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It's Official: Feds Sue Famed Ratings Agency S&P -- the Same One That Downgraded the U.S.


But other ratings agencies, including Moody's (which is closely linked to Warren Buffett), have been spared.

WASHINGTON (TheBlaze/AP) -- The U.S. government is accusing the debt rating agency Standard & Poor's of fraud for giving high ratings to risky mortgage bonds that helped bring about the financial crisis.

The government filed a civil complaint late Monday against S&P, the first enforcement action the government has taken against a major rating agency related to the financial crisis.

S&P, a unit of New York-based McGraw-Hill Cos., has denied wrongdoing. It says the government also failed to predict the subprime mortgage crisis.

Indeed, you may recall that certain members of Congress repeatedly assured the American people that there was no “housing bubble”:

Nevertheless, the government's lawsuit paints a picture of a company that misled investors knowingly, more concerned about making money than about accurate ratings. It says S&P delayed updating its ratings models, rushed through the ratings process and was fully aware that the subprime market was flailing even as it gave high marks to investments made of subprime mortgages.

The government's lawsuit says that "S&P's desire for increased revenue and market share ... led S&P to downplay and disregard the true extent of the credit risks" posed by the investments it was rating.

For example, S&P typically charged $150,000 for rating a subprime mortgage-backed security, and $750,000 for certain types of other securities. If S&P lost the business - for example, if the firm that planned to sell the security decided it could get a better rating from Fitch or Moody's - then an S&P analyst would have to submit a "lost deal" memo explaining why he or she lost the business.

That created sloppy ratings, the government said.

"Most rating committees took less than 15 minutes to complete," the government said in its lawsuit, describing the process where an S&P analyst would present a rating for review. "Numerous rating committees were conducted simultaneously in the same conference room."

According to the lawsuit, S&P was constantly trying to keep the financial firms -- its clients -- happy.

Here’s a point-by-point breakdown of the fed’s arguments against S&P’s business practices:

  • A 2007 PowerPoint presentation on its ratings model said that being "business friendly" was a central component, according to the government.
  • In a 2004 document, executives said they would poll investors as part of the process for choosing a rating.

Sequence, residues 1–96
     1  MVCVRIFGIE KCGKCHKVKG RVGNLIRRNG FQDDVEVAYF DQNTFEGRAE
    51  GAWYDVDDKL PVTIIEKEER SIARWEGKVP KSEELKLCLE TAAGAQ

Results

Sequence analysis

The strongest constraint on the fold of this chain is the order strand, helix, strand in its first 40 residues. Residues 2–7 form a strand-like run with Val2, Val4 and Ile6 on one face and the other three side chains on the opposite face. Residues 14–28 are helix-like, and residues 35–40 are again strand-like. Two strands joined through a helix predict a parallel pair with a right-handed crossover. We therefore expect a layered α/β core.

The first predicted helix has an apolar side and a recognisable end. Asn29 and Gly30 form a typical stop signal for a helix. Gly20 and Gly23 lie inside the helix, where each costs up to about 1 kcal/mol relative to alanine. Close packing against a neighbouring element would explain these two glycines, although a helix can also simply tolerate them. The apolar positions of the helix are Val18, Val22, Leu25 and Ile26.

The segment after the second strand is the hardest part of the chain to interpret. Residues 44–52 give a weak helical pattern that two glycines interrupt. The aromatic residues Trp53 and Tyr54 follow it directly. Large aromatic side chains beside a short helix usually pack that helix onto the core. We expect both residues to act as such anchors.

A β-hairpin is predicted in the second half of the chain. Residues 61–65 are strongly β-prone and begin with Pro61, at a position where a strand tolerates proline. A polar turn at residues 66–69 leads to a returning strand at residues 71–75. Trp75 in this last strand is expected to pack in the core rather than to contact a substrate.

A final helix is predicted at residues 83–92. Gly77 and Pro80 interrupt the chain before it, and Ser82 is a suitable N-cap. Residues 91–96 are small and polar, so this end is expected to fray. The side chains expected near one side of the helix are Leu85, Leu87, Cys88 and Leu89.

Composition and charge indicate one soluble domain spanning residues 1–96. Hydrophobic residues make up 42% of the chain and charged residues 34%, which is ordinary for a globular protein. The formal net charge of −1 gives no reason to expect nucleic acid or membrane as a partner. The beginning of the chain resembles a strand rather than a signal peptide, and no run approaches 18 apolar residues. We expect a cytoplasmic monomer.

• A 2004 memo said that "concerns with the objectivity, integrity, or validity" of ratings criteria should be communicated in person rather than through email.
  • Also that year, an analyst complained that S&P had lost a deal because its criteria for a rating was stricter than Moody's. "We need to address this now in preparation for the future deals," the analyst wrote.
  • By 2006, S&P was well aware that the subprime mortgage market was collapsing, the government said, even though S&P didn't issue a mass downgrade of subprime-backed securities until 2007. One document describing the performance of the subprime loans backing some investments "was so bad that analysts initially thought the data contained typographical errors," the government lawsuit said.
  • Another analyst wrote in a 2007 email, referring to ratings for mortgage-backed investments: "The fact is, there was a lot of internal pressure in S&P to downgrade lots of deals earlier on before this thing started blowing up. But the leadership was concerned of p(asterisk)ssing of too many clients and jumping the gun ahead of Fitch and Moody's."

The government filed its lawsuit in U.S. District Court in Los Angeles. The government charged S&P under the The Dodd–Frank Wall Street Reform and Consumer Protection Act, a law supposedly aimed at making sure banks invest safely, and said that S&P's alleged fraud made it possible to sell the investments to banks.

Wait, S&P is being charged under Dodd-Frank? As in former Congressman Barney "There is no housing bubble" Frank?

Barney Frank. (Getty Images)

If S&P is eventually found to have committed civil violations, it could face fines and limits on how it does business. The government said in its filing that it's seeking financial penalties.

The action does not involve any criminal allegations.

Final Thought: Oddly enough, absent from most reports on the feds suing S&P is any mention of the fact that of the top three major credit ratings agencies, S&P was the only one willing to downgrade the U.S.' credit rating.

Indeed, as noted yesterday by the Wall Street Journal, it is a little curious that the feds have brought charges against S&P and S&P only:

Many details of the looming enforcement action couldn’t be immediately determined, such as why prosecutors are zeroing in on S&P rather than rivals Moody’s Corp. and Fitch Ratings …

All three credit-rating firms have faced intense criticism from lawmakers for giving allegedly overly rosy ratings to thousands of subprime-mortgage bonds before the housing market collapsed.

And although we now have a clearer picture of the fed's case against S&P, it still doesn't explain why other ratings agencies -- wh0 made similar deals -- have been spared litigation. Do you suspect the firm's decision to downgrade the U.S.' "AAA" credit rating on August 5, 2011, played a role in the charges being brought against them?

Oh, also, it might be worth mentioning that billionaire investor Warren Buffett has a major, major stake in Moody's. So take from that what you will.

Follow Becket Adams (@BecketAdaams) on Twitter

Featured image courtesy Getty Images.

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